Could the shale oil boom be ending? It all depends on oil prices

October 10, 2014, 10:23 PM UTC
An oil drilling rig is seen September 29
An oil drilling rig is seen September 29, 2010 near Stanley, North Dakota. The well is being drilled into the Bakken Formation, one of the largest contiguous deposits of oil and natural gas in the United States. It is an interbedded sequence of black shale, siltstone and sandstone that underlies large areas of northwestern North Dakota, northeastern Montana, southern Saskatchewan and southwestern Manitoba. AFP PHOTO/Karen BLEIER (Photo credit should read KAREN BLEIER/AFP/Getty Images)

With oil prices falling and energy stocks getting battered, the days of the shale boom might be numbered.

Most analysts predict that companies will stay the course for the short-term as prices of West Texas Intermediate crude, the U.S. benchmark, briefly dipped below $85 Friday before recovering to $86. In June, a comparable barrel cost as much as $105.

But if oil prices fall below $85 and remain there for several months, analysts predicted companies would start taking a hard look at next year’s drilling plans. Should they fall below $80, then mid-sized and small producers may cut back their spending and suspend some of their operations.

“If it falls below $80, the companies start having the conversation of slowing down their drilling activity,” said Daniel Katzenberg, an analyst with Robert W. Baird. “It would have to be there for several months for them to actually follow through and reduce drilling plans.”

David Pursell, managing director at advisor Tudor Pickering. Holt & Co. concurred that $80 is a point when U.S. oil industry may start reassessing its shale production. It would unlikely have any impact on the big oil companies like ExxonMobil (XOM) because most of their projects are planned far in advance.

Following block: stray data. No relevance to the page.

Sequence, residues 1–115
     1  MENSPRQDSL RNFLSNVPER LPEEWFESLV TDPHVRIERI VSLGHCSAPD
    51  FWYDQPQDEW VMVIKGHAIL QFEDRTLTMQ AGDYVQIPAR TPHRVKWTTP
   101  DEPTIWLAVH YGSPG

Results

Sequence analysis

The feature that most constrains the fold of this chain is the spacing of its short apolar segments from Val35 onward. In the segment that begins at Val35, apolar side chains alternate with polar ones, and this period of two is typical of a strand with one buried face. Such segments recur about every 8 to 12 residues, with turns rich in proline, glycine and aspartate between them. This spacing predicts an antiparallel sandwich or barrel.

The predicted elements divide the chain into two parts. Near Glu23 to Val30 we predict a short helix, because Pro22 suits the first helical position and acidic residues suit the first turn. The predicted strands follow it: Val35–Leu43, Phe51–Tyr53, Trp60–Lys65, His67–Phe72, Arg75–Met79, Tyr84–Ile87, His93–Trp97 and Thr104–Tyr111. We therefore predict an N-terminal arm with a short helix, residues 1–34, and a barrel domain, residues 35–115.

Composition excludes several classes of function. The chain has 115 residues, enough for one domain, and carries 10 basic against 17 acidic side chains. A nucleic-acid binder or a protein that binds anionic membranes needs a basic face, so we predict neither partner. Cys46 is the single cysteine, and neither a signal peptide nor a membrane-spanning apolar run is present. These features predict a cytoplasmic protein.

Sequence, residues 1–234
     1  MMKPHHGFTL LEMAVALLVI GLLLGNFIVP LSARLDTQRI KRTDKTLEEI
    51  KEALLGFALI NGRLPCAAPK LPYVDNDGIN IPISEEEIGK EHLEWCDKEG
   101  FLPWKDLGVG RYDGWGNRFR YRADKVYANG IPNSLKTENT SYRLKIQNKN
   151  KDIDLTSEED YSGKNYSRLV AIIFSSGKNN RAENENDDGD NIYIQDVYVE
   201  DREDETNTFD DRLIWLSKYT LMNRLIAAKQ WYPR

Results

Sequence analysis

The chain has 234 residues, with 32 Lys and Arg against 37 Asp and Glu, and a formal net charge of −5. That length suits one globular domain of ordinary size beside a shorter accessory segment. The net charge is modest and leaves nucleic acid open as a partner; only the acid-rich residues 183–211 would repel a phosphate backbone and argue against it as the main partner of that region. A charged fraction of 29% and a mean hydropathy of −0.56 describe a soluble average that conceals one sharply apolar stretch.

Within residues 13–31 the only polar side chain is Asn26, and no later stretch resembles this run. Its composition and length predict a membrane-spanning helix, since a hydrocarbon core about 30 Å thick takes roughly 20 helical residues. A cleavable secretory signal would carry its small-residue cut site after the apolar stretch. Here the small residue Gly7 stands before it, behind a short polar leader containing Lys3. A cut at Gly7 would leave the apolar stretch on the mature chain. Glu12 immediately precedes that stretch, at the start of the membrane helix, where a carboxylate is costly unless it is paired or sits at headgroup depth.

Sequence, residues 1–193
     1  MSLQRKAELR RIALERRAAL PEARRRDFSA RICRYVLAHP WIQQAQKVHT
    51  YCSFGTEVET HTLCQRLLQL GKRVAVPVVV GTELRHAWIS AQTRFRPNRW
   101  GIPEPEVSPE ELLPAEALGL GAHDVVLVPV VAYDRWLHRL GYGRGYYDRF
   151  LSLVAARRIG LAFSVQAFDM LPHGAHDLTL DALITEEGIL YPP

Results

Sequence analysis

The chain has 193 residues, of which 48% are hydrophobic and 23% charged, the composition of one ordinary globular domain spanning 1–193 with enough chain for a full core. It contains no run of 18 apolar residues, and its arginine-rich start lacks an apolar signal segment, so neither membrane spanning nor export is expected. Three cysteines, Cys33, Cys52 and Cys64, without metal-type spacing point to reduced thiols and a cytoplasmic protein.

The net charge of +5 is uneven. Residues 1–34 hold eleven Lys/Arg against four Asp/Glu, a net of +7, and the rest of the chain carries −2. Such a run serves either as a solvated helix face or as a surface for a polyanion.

At the moment, the industry is expected to continue ramping up production.

In September, U.S. crude oil production averaged an estimated 8.7 million barrels per day, the most since July 1986, according to the Energy Information Administration. In 2015, output is expected to rise to 9.5 million barrels a day, the highest since 1970.

The United States is one of only a few nations where production is rising. It is because of this additional supply and weaker-than-expected demand from China and Europe that Brent crude prices – the global benchmark – have fallen to a two-year low. They are down 21% from a year-to-date peak of $115 set on June 19.

A big part of the American growth is a result of the shale oil boom. But because that oil is more costly to extract, small and mid-sized producers are expected to be the first to feel the pinch from falling prices.

“Right now, we assume there will be rig count or activity growth in 2015 versus this year,” Pursell said. “But at $80, you can start to create a scenario where activity is actually flat year to year. Below $80 puts that growth at risk.”

Analysts said oil prices would have to remain low for at least a quarter before companies took action and, even then, a response would not come overnight.

“When an (exploration and production) company says ‘Uh oh, I’ve got $75 crude. I’ve got to slow down,’ it takes a while,” Pursell said. “You have got wells you are drilling. You don’t stop drilling in the middle of the process. You finish what you are doing.”

Katzenberg said the first sign of a pull-back might come toward the end of the year when companies typically report on their capital expenditures for 2015. If not then, it might come during their fourth quarter earnings calls in January.

Cutbacks would probably causes prices to stabilize and possibly recover, Katzenberg said. A slowdown in shale well production could have a big impact on supply because the technique has become so widespread.

“The oversupply concern that is one of the big reason for crude dropping, that would resolve itself,” Katzenberg said. “So it is as they always say low prices cure low prices and high prices cure high prices.”